Kevin DeYoung tweeted earlier today:
Let’s not be more “gospel-centered” than the Bible. The Bible is not afraid of words like striving, fighting, effort, and work.
What I am inferring from this is that he is referring to people who are into excessive “grace”, or what Bonhoeffer might call cheap grace. In Puritan times DeYoung might be challenging what was known as anti-nomianism, and what today, more popularly might be referred to as the ragamuffin gospel. Essentially DeYoung, as I read him is referring to the idea that it is okay and even necessary to “work” out one’s salvation; and I wouldn’t fully disagree. Of course the reason I am writing this quick post is because I do ultimately disagree with DeYoung; it’s his informing theology that concerns me.
DeYoung is a Young, Restless, and Reformed pastor/theologian who thinks about work, effort, striving, fighting, etc. from a certain perspective; at least when it is in reference to someone’s personal salvation. It is this informing theology, of DeYoung’s that I, of course, see as the problem. Because DeYoung believes that Jesus unconditionally elected certain people for salvation; because he believes that Jesus only died for these chosen few; and because he believes that a sign of people’s election is persevering in good works, when he calls for folks to not be more “gospel-centered” than the Bible, he is calling for them to essentially prove their election. It is from striving and working out one’s salvation that these elect individuals can assure themselves that they are one of the elect for whom Christ died. In the olden Puritan days they would call this experimental predestinarianism, because it was an experiment proven emperically through works which could demonstrate if an individual was truly one of the elect.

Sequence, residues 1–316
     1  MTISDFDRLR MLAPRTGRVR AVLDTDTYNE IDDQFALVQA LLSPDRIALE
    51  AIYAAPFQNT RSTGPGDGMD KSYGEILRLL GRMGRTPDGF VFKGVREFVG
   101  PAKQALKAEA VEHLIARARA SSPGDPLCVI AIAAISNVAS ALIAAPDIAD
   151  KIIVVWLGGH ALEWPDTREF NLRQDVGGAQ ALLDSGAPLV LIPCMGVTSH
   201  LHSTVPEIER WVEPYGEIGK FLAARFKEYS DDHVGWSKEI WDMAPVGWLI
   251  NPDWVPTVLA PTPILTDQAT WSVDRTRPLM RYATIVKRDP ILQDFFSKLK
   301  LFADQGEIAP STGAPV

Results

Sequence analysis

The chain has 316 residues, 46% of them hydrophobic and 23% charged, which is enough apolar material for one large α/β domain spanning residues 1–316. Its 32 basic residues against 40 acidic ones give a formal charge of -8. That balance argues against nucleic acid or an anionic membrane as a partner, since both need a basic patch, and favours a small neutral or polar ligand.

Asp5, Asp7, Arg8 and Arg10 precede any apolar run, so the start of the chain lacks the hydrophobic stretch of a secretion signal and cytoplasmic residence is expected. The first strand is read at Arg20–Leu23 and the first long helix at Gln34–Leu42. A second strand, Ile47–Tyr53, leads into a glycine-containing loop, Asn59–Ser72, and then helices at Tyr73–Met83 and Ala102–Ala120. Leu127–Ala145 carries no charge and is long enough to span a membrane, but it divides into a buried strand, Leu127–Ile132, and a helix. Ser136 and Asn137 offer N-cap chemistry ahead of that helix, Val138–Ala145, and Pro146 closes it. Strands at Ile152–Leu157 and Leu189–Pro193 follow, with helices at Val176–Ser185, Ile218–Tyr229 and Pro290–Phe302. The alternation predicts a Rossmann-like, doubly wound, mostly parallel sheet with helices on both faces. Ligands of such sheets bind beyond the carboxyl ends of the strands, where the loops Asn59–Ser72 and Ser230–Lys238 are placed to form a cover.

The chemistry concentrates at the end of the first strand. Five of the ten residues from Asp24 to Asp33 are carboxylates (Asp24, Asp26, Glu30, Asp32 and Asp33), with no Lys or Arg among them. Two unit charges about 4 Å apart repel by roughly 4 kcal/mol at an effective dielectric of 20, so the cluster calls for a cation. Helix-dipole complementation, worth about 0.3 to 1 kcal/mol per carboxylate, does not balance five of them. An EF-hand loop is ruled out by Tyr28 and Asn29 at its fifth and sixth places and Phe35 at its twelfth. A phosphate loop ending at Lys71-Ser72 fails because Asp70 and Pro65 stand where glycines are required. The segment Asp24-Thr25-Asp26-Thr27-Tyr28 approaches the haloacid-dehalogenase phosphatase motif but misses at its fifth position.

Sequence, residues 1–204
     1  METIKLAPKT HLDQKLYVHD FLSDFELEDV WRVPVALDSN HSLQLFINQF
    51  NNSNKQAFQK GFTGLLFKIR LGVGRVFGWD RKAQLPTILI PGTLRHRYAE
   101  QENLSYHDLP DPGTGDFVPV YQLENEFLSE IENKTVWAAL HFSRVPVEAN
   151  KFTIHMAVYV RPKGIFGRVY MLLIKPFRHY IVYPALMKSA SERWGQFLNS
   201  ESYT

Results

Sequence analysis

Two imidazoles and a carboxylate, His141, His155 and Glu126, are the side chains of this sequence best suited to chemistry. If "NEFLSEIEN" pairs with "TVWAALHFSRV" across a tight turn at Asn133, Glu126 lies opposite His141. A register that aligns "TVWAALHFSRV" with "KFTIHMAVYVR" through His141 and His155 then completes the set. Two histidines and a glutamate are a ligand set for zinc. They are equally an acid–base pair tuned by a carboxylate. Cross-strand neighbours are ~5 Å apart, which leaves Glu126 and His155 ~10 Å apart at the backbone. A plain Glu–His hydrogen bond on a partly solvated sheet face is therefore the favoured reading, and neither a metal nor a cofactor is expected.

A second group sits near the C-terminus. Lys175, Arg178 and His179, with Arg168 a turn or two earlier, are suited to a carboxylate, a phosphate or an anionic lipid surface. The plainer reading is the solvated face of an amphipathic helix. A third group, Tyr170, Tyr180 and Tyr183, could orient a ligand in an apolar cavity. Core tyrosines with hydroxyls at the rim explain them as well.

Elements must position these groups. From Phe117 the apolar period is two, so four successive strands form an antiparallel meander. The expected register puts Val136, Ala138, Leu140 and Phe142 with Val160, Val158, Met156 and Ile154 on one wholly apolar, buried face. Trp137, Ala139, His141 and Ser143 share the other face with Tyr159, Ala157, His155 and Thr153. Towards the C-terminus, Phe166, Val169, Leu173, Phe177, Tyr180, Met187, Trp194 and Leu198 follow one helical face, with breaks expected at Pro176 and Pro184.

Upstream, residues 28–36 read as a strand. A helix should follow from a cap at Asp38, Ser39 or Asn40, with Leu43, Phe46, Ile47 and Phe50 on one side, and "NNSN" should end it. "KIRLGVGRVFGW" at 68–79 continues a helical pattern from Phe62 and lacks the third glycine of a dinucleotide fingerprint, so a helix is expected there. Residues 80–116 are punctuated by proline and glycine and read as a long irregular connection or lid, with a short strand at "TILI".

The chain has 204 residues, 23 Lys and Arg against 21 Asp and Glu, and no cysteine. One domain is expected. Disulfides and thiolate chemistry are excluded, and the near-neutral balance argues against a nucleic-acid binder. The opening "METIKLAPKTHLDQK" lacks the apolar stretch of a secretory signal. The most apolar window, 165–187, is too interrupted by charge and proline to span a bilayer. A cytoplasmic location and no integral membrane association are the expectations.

Of course the problem with attempting to prove one’s salvation was that it turned the person inward to themselves. This corrective that DeYoung is calling for comes from a certain theological vantage point. But is it really in alignment with a gospel of grace?
A genuine gospel of grace doesn’t ground one’s assurance of election or salvation in what they do. Instead the ground of salvation in a genuine gospel of grace is in the vicarious humanity of Christ and what he has done for us. It does not tell people to do things from a ground in an abstract decree of election, but instead it challenges them to look directly and immediately to Jesus Christ. It encourages the bruised reeds out there to understand that strife, effort, work, etc. have all been carried out for them in what Jesus has done for them in his humanity. It calls people to a life of participation and gratitude, and to live obediently to the Gospel of grace only in and from the life of Christ through union with him. There is no call to prove one’s election through perseverance in good works and striving. But this is what stands behind DeYoung’s statement.